Chick-fil-A has gotten itself in hot water recently after its President announced opposition to same-sex marriage. Some people have decided to no longer eat at Chick-fil-A as a result, and others make a point to support the chain. Such actions are necessary in a post-Citizens United world, where one must consider what might be done with the money they shell out for whatever widget they may be considering. Chick-fil-A gives millions to anti-gay groups. Money spent at Chevron or on Stainmaster carpet might wind up in a right-wing attack ad funded by the Koch Brothers, or money at Starbucks might go to providing benefits to the same-sex partners of employees.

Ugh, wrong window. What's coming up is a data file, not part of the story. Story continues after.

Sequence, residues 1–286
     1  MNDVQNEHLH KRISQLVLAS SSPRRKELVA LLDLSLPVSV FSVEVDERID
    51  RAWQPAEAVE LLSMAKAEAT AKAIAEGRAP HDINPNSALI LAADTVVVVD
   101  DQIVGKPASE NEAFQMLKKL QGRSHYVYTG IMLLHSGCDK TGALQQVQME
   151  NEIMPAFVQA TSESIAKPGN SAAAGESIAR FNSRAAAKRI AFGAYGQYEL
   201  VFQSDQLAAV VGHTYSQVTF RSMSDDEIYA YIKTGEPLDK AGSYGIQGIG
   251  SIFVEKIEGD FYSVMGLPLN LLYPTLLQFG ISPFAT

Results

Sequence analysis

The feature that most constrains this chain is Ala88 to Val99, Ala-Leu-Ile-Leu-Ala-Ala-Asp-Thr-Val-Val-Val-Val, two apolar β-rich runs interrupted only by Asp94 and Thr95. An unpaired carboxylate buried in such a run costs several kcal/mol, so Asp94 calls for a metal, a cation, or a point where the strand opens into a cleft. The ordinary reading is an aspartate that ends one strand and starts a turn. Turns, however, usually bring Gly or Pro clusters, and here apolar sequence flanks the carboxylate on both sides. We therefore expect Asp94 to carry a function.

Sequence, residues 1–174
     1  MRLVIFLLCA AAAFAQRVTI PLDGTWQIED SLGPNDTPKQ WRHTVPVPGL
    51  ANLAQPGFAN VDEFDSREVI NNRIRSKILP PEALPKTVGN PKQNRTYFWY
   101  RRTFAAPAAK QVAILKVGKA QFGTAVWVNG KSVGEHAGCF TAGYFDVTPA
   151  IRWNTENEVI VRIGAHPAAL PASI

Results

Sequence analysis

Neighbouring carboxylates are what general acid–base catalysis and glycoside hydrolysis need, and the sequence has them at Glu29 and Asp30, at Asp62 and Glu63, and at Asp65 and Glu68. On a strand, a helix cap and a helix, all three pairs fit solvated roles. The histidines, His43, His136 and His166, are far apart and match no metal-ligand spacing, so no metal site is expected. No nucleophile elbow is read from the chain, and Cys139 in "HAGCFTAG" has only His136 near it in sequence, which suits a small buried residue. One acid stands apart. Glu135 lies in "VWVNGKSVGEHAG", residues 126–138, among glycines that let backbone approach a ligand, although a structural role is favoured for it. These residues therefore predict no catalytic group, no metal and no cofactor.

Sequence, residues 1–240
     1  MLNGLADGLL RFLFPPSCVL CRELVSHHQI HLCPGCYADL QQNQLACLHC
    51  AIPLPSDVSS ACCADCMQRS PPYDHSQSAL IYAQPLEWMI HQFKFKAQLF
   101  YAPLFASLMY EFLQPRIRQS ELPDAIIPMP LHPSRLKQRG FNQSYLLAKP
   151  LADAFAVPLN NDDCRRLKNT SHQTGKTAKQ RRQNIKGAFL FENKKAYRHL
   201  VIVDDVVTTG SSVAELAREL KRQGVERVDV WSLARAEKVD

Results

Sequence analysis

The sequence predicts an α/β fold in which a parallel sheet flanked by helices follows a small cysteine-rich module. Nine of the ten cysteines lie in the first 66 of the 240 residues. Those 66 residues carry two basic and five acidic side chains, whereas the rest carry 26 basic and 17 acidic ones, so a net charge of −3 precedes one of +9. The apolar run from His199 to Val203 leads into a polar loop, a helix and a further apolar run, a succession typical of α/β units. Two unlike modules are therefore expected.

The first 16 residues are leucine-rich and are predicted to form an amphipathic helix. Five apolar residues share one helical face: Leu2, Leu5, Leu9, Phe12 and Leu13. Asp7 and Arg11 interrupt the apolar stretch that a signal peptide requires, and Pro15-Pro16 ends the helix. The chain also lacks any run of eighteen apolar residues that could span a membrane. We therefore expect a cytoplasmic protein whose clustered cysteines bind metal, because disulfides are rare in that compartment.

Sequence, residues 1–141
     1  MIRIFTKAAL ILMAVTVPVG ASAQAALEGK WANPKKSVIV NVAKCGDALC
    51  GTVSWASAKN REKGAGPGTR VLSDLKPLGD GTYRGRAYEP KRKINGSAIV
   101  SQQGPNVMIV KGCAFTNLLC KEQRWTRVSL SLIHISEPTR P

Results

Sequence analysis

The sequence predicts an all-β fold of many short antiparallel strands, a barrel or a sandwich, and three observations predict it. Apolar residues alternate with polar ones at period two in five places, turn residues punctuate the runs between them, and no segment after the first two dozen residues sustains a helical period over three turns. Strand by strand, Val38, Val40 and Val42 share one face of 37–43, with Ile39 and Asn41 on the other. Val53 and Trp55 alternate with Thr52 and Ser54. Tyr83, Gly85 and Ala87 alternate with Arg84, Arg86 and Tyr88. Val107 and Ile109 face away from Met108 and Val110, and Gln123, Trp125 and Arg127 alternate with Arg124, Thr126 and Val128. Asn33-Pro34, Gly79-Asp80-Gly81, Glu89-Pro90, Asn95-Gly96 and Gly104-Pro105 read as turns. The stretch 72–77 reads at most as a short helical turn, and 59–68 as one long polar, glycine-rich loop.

Consumers have the right to know where their money goes. So it's disheartening to see the failure of laws which require the disclosure of Super PAC donor lists. I'm all for recognizing the right of a citizen to say with a clear voice that another person is a charlatan and a scoundrel, but the identity of the accuser should be disclosed. Allowing anonymity encourages the sort of negative smears we seem to be getting. If it were public knowledge that Corporation X were behind one particular smear, the fear of a consumer backlash might temper the impulse to attack.